Thursday, November 17, 2011

Jordan Allison- Freedom Fone

Today, I will be informing the class on the Freedom Fone and how this telephony software answers the question of the week, which states, "What social and economic forces shape communication infrastructure?"

I will start off my presentation with a couple of key terms and then move on to tell you what Freedom Fone actually is. Freedom Fone is an open source telephony program that allows a free and easy way for members of a community to find out important information, transcending literacy barriers and without the need of the internet.

Next, I will inform the class on the history of Freedom Fone and how it was started by the Kubatana Trust, which is an online community of activists in Zimbabwe. Freedom Fone originally started in response to Zimbabwe's government controlled media. The members of Kubatana Trust wanted to give citizens a voice in society without the need for money, literacy, or the internet, which are all common problems in that area.

I will then discuss how Freedom Fone works through showing a video and explaining the use of audio voice menus, voice messages, SMS polls, and the call back option. I will also discuss the different uses of Freedom Fone. These uses include any type of situation in which a community is in need of information, such as communities effected by natural disaster or disease. Then, I will explain how Freedom Fone is form of New Media through being interactive, audience generated, digital, and narrowcasted.

After explaining Freedom Fone, I will present my discussion questions and then conclude my presentation by explaining how Freedom Fone answers the question of the week. I will reiterate to the class what types of social and economic forces are addressed with the new technology of Freedom Fone and how these forces have shaped this specific type of communication.

1 comment:

JordanAllison11 said...

Last class period, I discussed my case study of the Freedom Fone and how it answers the question, “What social and economic forces shape communication infrastructure?” The Freedom Fone was developed because of the economic barriers in Zimbabwe. These hindrances include a lack of internet and/or extra money.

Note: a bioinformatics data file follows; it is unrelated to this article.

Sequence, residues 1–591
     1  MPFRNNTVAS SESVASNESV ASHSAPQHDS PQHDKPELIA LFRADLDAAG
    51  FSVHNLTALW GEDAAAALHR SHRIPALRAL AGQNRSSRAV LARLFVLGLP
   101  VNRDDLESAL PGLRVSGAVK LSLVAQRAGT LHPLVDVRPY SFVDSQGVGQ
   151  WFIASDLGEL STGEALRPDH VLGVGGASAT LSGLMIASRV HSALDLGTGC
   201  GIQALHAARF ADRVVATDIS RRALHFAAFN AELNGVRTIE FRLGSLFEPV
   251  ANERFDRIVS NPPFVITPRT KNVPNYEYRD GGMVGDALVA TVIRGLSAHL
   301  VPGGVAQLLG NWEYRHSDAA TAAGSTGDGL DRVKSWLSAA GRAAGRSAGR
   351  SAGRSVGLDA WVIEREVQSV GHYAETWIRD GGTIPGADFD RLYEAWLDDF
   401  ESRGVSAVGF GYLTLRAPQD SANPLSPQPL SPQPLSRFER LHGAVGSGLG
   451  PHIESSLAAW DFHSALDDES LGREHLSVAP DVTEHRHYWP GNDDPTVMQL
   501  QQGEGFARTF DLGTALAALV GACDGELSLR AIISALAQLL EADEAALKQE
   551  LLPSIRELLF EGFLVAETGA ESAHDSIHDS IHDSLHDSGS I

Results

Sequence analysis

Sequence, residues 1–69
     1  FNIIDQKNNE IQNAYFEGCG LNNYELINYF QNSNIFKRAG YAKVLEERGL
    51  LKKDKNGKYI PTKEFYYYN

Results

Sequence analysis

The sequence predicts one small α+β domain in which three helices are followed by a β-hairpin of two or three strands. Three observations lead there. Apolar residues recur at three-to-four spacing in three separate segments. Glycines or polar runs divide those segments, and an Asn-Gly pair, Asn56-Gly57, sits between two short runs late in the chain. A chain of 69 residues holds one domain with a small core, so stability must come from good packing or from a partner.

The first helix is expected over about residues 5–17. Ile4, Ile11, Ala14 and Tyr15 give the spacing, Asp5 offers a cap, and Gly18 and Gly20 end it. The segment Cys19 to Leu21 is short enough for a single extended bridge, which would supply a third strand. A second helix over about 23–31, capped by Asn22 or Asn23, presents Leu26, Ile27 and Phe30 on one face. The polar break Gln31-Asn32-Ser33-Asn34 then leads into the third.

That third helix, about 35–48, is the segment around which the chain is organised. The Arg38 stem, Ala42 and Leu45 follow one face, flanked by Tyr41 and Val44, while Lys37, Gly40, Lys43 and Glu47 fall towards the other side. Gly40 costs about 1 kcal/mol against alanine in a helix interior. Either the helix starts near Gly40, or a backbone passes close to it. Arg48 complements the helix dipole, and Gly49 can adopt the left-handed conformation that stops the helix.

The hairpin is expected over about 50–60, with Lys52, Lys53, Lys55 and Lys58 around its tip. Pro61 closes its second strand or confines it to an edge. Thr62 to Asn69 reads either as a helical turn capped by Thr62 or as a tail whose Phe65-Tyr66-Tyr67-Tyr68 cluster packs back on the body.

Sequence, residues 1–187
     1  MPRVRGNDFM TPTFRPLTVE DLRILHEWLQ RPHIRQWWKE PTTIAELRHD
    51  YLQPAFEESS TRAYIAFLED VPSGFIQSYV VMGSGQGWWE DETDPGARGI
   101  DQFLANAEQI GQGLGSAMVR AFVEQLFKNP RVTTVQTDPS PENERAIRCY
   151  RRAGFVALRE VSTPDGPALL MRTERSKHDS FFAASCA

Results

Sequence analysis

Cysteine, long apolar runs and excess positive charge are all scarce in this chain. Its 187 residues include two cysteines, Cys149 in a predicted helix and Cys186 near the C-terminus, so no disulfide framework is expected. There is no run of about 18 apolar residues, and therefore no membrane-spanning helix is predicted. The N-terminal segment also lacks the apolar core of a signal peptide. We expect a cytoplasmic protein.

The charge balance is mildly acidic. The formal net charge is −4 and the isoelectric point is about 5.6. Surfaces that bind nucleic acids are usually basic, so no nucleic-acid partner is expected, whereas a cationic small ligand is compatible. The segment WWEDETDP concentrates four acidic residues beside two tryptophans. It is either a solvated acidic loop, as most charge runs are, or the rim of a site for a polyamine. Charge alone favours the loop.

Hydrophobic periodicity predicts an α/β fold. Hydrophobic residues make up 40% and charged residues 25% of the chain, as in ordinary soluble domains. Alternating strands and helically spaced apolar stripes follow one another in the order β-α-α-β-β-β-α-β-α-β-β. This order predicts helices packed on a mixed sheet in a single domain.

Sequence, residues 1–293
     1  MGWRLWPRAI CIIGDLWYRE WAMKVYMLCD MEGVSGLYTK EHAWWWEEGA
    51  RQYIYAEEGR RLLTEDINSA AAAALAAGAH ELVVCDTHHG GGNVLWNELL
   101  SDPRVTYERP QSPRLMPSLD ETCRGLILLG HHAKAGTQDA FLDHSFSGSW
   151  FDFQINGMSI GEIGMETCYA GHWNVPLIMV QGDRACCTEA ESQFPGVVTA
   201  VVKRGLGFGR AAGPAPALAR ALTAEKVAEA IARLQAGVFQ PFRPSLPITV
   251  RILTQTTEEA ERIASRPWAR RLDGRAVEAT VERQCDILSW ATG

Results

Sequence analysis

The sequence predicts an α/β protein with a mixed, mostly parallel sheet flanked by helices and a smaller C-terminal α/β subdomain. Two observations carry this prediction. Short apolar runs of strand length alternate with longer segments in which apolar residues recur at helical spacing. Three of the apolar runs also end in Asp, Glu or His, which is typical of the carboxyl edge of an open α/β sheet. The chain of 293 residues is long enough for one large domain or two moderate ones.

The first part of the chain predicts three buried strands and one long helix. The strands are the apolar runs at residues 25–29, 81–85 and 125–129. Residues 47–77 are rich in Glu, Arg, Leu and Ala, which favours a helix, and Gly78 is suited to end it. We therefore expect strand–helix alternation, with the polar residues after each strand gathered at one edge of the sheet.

I discussed the two terms, universal service and the digital divide, and how they are conflicting terms in today’s society. While universal service is the principle that everyone should have access to different forms of media, the digital divide explains reality, in that there is, in fact, a gap in internet usage between the rich and the poor. The creators of Freedom Fone understood this problem and developed a specific kind of communication technology, changing the type of media used in order to adapt to the specific needs of the Zimbabwe community. This software surpasses the disadvantage of not having the internet by supplying citizens with the information that people who do have access to the internet already receive.
The Kubatana Trust, believed that media was so government controlled that change needed to occur from the inside of the actual community in order for the community to develop, and they used Freedom Fone to do so. The Freedom Fone changed the flow of media in many ways. The Freedom Fone enables media to be interactive, audience generated, digital, and narrowcasted.
The Freedom Fone might benefit a society so much that it could enable a family’s socioeconomic status to change. It could prevent a person from dying of a disease, evading the distress of that individual’s family, which might give the family hope or passion to make a difference in society. It also might help a family receive information on how to improve their business in order to make more money, and therefore, move up in their social standings.
To answer the question of the week, Freedom Fone came about specifically in response to the economic struggles that Zimbabweans faced such as illiteracy and no internet access, and is being used to diminish those struggles.